December 9, 2022

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Technological development

Starlink raises internet service and hardware costs


Customers subscribed to SpaceX’s Starlink satellite internet service will soon need to pay more for internet as the company announced its first price hike due to inflation.

Starlink’s hardware now costs C$759, up C$110 from the original price of $649. The monthly service charge has also been increased to C$140, an C$11 increase from the original $129 price. Shipping charges and the base deposit charge remain the same. One email to customers obtained by IT World Canada said that the new subscription rate will come into effect on May 26 for existing customers.

An email to Starlink customers notifying them of the impending price hike
Starlink says that customers within their first year of service can receive a partial refund of C$260 if they decide to cancel the service. Source: Jim Love

The price increase did not affect Starlink Business, Starlink’s premium tier service launched in February 2022.

The news of the increase first appeared after Starlink customers began receiving emails notifying them of the impending change. According to several news outlets, customers who have preordered the service but have not yet received their hardware will also need to pay more. For them, Starlink will be increasing their hardware costs by C$50 and will charge the new service fee once they’re connected.

Related: Starlink internet in Canada: A remote worker’s experience so far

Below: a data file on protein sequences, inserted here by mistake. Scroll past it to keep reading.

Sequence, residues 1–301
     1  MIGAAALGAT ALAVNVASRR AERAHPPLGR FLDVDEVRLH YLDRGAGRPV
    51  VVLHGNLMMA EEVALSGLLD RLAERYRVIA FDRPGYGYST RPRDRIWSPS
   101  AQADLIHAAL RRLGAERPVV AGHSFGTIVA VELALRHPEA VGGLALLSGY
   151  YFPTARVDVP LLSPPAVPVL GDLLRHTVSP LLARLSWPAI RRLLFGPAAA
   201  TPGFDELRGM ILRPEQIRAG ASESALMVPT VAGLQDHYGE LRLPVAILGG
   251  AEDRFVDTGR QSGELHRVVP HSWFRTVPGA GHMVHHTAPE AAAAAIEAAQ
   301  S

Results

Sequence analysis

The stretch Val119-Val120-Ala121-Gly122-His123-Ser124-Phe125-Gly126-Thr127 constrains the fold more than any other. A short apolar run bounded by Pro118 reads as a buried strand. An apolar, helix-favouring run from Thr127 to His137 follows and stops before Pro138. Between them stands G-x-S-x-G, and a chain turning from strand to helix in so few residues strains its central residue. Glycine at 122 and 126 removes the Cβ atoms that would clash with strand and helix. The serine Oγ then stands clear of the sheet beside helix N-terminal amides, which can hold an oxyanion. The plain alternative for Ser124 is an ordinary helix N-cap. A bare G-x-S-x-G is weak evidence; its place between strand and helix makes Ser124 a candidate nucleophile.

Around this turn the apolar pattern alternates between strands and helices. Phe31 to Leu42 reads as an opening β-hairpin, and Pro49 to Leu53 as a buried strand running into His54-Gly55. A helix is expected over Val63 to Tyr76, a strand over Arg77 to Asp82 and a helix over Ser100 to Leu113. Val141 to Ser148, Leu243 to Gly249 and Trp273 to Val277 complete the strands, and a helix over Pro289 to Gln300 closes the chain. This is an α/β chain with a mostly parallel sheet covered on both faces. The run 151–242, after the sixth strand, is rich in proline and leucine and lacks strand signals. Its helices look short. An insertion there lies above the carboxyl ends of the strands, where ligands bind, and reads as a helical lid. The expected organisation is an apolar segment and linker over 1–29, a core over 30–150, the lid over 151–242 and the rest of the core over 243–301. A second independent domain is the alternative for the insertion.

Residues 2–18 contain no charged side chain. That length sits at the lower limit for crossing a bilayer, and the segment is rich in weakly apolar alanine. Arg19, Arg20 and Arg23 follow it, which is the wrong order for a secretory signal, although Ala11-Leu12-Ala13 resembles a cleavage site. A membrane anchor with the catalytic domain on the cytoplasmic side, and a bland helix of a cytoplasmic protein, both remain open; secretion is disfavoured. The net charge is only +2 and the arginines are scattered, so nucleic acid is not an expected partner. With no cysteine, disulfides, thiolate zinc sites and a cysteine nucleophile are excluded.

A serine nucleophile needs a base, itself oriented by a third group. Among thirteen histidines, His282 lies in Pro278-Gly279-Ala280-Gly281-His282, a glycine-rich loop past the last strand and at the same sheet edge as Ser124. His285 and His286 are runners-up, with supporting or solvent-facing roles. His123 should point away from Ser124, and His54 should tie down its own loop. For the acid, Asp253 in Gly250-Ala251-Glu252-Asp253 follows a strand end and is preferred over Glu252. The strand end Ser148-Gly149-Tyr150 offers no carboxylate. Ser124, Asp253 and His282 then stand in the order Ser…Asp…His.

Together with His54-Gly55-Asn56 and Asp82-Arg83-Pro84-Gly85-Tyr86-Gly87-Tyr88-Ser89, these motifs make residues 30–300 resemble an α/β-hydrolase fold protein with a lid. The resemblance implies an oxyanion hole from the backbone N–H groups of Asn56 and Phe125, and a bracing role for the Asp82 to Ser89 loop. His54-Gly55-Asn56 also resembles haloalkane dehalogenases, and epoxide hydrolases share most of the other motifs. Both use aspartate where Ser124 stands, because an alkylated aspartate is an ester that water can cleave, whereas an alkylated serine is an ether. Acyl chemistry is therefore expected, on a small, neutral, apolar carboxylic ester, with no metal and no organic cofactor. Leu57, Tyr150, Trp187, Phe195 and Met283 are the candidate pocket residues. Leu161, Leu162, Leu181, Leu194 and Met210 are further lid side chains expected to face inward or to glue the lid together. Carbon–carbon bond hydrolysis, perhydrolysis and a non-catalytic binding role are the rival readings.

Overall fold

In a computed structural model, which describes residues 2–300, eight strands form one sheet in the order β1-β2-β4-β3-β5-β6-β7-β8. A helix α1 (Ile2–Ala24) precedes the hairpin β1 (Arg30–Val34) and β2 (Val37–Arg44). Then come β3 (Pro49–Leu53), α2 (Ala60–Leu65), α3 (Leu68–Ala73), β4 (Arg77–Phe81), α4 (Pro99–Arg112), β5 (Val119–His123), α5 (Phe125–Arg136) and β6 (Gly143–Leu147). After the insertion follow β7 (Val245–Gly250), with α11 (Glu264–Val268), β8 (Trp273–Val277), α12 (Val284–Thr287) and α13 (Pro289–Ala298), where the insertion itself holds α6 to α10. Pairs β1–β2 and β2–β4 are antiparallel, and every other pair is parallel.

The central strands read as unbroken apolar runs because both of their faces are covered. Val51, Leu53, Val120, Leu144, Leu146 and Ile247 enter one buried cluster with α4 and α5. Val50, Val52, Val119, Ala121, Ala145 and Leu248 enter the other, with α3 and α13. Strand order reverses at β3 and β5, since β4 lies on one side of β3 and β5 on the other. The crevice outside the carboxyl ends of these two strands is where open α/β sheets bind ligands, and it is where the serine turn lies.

The price increase has compounded the frustrations of Canadians waiting for their services to arrive in rural areas. Starlink’s service has been seen as a more affordable and faster alternative to other internet service options in Canada’s underserved areas. With the fees already increasing and the arrival date unknown, users waiting to be connected have taken to social media to express their annoyance.

“I might care if I still wasn’t waiting for my Starlink I ordered a year and a half ago,” wrote Twitter user Lima Charlie.

“I guess I’m so used to getting ripped off that I don’t even recognize it as news anymore,” said ITWC chief information officer Jim Love, who has been using the service since last year. “After this much investment in hardware and getting it set up, it’s difficult to resist a price increase. It’s not like there’s a lot of competition.”

And the delays may continue, at least for Ontario residents. When service availability was checked for addresses in Toronto, Parry Sound and Ottawa, a message on the Starlink website warned that the service may not arrive in those locations until 2023 or later, attributing the lag to maxing out the company’s deployment capacity. The warning appears to only affect Ontario residents, urban or remote, and did not appear when checking random addresses in Vancouver, Saskatoon, and Winnipeg.





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